All 248 passengers and crew on the KLM lost their lives. The crash and explosion also claimed 335 lives abord the Pan Am. 61 passengers and crew saved their lives, who mostly walked out from the left wing that was away from the impact.
Legacy: How Airlines Reacted and Revised
Aviation authorities revised airline regulations extensively following the tragedy. For example, they introduced standard phrases in air traffic instructions and replies. Lack of mutual understanding played a crucial role in the disaster; now showing mutual understanding has become indispensable by readback of instruction. And crew and controller no longer reply to instruction using colloquial phrases such as “OK” and “Roger” (the rule says). Moreover, authorities put more emphasis on English proficiency as a common working language.
Additionally, the Yes Sir culture in cockpit was revised. The new training encouraged younger pilots to take issues with the captain’s decision if they believed the decision to be incorrect. It also instructed captains to listen to the crew and evaluate the decision in view of the crew. These procedures grew to be Crew Resource Management (CRM) in later years. CRM is a set of aviation training procedures to improve teamwork within crew members in order to reduce human error that can lead to accidents.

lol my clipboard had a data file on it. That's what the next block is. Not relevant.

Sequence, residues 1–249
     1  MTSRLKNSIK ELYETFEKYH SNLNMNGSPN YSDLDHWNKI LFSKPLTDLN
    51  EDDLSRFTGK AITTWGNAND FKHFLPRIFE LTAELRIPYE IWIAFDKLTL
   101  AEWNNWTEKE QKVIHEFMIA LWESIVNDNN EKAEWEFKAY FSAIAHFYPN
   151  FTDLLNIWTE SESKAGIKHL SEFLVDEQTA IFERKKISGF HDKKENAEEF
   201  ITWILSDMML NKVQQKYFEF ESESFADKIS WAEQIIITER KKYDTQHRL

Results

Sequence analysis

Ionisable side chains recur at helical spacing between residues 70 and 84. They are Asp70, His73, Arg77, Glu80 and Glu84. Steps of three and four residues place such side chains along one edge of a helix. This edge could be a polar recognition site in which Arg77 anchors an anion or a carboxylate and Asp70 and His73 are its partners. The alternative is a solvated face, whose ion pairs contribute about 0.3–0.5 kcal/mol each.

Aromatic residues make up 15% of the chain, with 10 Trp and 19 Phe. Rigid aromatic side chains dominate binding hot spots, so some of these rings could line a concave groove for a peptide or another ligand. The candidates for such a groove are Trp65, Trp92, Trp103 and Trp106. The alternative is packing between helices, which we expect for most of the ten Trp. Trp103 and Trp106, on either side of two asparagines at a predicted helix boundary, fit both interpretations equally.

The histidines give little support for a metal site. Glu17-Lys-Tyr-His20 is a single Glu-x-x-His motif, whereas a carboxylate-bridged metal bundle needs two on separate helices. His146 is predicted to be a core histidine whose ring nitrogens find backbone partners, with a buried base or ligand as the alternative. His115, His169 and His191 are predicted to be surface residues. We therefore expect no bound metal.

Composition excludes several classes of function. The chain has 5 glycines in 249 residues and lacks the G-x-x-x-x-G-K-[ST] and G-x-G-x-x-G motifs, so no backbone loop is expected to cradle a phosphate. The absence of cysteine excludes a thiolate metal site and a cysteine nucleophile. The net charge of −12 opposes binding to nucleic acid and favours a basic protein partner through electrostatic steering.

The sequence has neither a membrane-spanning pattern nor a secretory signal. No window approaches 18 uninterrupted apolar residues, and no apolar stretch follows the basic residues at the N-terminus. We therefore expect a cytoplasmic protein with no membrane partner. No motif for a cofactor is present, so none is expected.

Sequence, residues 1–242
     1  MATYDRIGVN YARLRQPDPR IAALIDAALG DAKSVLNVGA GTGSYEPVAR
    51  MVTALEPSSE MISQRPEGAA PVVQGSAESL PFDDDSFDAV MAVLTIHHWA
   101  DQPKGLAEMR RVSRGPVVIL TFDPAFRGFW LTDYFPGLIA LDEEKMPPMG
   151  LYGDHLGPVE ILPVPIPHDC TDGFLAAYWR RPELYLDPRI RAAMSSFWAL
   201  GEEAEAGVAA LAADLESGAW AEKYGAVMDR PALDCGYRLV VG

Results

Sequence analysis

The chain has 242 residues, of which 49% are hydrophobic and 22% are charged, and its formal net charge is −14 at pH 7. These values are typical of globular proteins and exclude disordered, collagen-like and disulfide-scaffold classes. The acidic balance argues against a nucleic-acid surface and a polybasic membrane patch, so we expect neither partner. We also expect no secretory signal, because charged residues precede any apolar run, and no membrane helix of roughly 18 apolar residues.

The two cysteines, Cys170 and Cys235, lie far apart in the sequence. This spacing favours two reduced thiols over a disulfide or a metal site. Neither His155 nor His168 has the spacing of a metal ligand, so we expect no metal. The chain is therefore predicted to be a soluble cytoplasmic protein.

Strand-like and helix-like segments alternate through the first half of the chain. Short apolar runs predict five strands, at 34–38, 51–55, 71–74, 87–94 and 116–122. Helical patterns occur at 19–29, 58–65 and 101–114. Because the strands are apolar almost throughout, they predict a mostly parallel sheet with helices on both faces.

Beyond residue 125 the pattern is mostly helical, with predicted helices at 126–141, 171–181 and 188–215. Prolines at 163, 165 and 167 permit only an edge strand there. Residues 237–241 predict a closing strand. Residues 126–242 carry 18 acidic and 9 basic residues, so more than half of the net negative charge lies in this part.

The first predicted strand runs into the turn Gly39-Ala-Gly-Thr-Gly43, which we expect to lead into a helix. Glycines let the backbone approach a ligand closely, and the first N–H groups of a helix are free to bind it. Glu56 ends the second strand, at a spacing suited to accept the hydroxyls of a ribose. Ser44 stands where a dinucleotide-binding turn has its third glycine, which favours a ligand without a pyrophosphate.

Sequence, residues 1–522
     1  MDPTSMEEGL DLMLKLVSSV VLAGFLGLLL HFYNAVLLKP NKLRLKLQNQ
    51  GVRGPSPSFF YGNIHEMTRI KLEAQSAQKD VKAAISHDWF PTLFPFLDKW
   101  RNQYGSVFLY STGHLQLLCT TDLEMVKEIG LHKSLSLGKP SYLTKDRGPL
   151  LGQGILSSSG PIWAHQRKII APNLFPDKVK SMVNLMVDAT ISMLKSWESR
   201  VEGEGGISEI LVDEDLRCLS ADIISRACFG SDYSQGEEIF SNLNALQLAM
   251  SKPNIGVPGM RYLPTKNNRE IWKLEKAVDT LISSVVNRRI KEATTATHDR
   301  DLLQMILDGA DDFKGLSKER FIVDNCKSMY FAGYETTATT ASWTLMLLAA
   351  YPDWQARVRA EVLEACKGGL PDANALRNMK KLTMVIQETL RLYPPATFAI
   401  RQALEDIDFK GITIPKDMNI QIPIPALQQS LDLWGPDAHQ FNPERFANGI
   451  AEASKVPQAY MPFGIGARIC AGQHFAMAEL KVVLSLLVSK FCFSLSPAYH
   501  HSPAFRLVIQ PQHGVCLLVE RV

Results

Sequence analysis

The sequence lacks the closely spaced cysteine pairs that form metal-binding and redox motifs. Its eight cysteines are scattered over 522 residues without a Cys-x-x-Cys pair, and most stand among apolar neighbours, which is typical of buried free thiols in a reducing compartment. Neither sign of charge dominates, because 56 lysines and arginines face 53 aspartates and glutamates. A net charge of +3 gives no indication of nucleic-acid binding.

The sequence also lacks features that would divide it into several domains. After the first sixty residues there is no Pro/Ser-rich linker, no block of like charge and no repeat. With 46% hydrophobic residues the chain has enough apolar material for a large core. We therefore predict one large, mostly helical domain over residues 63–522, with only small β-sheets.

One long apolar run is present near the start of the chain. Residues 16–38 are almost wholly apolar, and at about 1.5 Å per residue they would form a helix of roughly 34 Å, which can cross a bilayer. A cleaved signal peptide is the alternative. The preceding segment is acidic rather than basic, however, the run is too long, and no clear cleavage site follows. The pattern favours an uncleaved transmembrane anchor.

Air Travel Has Become Safer and Safer
With all the efforts of airline staff, aviation authorities, crew, engineers, and passengers, travelling by air is much safer in these days. Not only passenger flight accidents, but also fighter jets accidents have declined. According to IATA’s Safety Report 2020, a person would have to travel every day for 20,932 years to experience a 100% fatal accident. The IATA member airlines’ accident rate was 0.83 per million flights. In comparison, the lifetime odds of dying for motor vehicle crash in the US between 2015 to 2019 was 1 in 107.
Summing up the answer to “How many planes crash a year?”—in the recent five years, approximately 103 planes crash a year, claiming about 570 lives. Having said that, the safety of air travel has improved significantly over the last five decades. Once again, that is because safety is airlines’ highest priority.